Wealth management refers simply to money management, in all its aspects. Wealth management firms make money by charging fees for the various services they provide. In the area of investments, clients are often sold managed account services, discretionary investment accounts that are traded on behalf of the client by one of the investment professionals at the firm.
In addition, wealth management firms provide clients with brokerage accounts, so clients can access virtually any type of investment. In addition to investment services, wealth management clients are provided with tax planning, estate planning, and retirement planning services.
The job of providing these services is typically split between relationship managers and investment professionals. The job of the relationship manager is to know the client. The job of the investment professional is to know the investments that are considered by, and for, the client.
It is the relationship manager who is primarily responsible for meeting the client's needs and wishes, and who most often meets directly with the client, although investment professionals are frequently included in regular, scheduled client meetings.
In the case of ultra high net worth clients, there may be an entire team of people assigned to a client's account, but there is still usually a single relationship manager assigned to oversee the account and to serve as the firm's primary representative.
The division of labor between the two aspects of wealth management can be seen as somewhat resembling the two aspects of relationship management and project execution that exist in investment banking.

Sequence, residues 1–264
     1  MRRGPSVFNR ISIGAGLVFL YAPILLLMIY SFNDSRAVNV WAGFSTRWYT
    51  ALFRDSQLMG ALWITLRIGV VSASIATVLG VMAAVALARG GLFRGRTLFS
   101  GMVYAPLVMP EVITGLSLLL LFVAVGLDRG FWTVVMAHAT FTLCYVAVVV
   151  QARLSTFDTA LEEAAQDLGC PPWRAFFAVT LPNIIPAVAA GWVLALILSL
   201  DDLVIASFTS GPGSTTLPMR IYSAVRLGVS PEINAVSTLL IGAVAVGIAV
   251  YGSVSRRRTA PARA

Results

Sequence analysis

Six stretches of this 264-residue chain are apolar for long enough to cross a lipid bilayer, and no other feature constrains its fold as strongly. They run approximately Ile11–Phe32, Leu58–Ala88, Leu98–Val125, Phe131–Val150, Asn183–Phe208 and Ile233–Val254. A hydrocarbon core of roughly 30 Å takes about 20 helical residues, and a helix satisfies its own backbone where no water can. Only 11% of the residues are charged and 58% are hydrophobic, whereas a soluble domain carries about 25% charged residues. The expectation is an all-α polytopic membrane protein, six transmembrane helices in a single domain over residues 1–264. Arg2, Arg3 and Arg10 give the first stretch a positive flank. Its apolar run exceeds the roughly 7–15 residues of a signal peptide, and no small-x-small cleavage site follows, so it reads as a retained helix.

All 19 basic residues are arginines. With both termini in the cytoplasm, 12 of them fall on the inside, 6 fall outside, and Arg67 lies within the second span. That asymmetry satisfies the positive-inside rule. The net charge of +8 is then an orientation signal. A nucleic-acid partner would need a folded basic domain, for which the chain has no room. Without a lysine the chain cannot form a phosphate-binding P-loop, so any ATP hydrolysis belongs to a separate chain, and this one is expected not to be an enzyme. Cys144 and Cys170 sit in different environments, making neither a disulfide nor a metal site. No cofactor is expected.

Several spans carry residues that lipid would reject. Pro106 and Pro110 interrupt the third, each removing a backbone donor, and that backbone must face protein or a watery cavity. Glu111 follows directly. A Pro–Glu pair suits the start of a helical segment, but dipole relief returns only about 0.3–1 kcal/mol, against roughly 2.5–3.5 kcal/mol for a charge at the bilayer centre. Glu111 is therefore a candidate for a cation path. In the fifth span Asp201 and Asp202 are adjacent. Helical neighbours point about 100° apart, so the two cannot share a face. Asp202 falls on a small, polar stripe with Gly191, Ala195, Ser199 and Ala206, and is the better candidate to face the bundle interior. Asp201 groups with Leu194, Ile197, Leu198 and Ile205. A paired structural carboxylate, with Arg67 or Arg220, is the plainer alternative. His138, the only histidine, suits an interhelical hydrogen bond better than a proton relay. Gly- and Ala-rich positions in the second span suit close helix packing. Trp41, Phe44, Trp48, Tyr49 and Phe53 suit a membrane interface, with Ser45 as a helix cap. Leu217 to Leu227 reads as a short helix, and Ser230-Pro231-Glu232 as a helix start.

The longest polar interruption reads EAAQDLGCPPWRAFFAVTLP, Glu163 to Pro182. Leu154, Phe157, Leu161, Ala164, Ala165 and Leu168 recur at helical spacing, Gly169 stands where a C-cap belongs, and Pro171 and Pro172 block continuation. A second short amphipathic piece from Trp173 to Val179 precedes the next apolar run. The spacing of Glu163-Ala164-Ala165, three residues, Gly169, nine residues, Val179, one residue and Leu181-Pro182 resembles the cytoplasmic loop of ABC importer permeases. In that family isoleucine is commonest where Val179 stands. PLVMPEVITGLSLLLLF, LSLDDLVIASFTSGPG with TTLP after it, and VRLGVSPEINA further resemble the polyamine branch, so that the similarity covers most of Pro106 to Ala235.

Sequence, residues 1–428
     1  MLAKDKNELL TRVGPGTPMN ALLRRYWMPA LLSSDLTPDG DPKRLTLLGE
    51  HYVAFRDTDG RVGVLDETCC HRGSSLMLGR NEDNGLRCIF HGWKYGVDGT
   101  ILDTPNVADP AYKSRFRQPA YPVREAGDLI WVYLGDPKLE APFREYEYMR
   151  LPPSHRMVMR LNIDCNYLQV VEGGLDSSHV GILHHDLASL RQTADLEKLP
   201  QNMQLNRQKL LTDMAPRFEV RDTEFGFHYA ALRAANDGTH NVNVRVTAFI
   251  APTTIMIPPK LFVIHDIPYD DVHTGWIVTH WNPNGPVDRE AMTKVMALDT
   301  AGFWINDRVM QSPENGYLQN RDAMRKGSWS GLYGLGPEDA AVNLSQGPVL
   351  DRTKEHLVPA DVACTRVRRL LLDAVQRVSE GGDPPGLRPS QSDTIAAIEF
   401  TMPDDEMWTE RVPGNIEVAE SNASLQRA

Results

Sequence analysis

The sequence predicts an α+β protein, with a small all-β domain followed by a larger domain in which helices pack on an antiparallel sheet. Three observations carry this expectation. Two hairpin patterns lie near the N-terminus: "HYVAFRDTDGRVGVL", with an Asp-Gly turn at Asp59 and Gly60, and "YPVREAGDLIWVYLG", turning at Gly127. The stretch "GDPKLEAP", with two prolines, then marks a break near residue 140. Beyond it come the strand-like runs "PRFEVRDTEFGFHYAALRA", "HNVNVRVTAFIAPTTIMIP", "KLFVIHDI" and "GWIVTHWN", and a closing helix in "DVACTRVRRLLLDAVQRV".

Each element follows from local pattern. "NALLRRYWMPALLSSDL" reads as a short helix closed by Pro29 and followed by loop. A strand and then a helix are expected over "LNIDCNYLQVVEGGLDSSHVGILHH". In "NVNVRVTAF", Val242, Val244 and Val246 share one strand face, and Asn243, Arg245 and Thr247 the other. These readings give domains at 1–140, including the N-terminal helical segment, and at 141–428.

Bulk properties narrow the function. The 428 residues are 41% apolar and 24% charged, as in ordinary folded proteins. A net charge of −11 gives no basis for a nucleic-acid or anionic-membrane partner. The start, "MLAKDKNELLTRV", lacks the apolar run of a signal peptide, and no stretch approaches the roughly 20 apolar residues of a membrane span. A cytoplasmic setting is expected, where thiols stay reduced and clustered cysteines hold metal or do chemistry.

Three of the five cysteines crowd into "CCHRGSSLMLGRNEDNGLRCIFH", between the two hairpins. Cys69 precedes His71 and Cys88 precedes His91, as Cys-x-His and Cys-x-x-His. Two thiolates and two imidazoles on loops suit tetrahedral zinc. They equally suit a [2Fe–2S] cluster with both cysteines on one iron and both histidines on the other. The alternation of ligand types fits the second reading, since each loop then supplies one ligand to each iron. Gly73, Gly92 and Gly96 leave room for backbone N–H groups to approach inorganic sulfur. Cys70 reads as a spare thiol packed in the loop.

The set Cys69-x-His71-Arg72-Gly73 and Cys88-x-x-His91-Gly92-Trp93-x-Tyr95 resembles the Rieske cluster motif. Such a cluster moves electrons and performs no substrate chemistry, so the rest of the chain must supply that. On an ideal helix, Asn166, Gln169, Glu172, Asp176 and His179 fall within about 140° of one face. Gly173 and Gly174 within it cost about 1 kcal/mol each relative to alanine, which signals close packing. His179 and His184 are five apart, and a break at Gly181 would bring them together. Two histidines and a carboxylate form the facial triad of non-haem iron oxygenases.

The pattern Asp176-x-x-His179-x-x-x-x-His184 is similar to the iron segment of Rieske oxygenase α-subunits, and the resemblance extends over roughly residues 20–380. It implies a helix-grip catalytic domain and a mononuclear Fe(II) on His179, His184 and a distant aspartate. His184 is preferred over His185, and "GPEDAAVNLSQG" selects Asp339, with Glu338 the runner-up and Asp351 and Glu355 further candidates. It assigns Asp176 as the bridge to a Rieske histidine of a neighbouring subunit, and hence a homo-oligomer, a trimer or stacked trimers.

There are certain commonalities that tend to exist in candidates for a career in either wealth management or investment banking, but there is no educational major that specifically prepares an individual to act as a wealth manager or an investment banker. A degree in business, either a bachelor's degree or a Master of Business Administration (MBA), provides a basic foundation for a career in the banking or financial service industry. A degree in accounting or economics may be equally useful.
What may be more important than an individual's specific educational background are the personal talents and skills he or she possesses. Good communication skills, both verbal and written, are definitely required for either career choice.
A relationship manager for a wealth management firm needs to have well-developed interpersonal skills to service the firm's clients. Interpersonal skills are important for an investment banker as well since it typically requires a substantial amount of wining and dining of clients.
Fluency in a second language or familiarity with the culture or business practices of another country can be a plus on a job candidate's resume since the banking industry is a global enterprise. Anything an individual can take care of in the way of obtaining licensing or certification, such as taking the Series 7 exam or obtaining certification as a financial planner or chartered financial analyst (CFA), can put him or her ahead of the game as far as necessary training and qualification, for either job.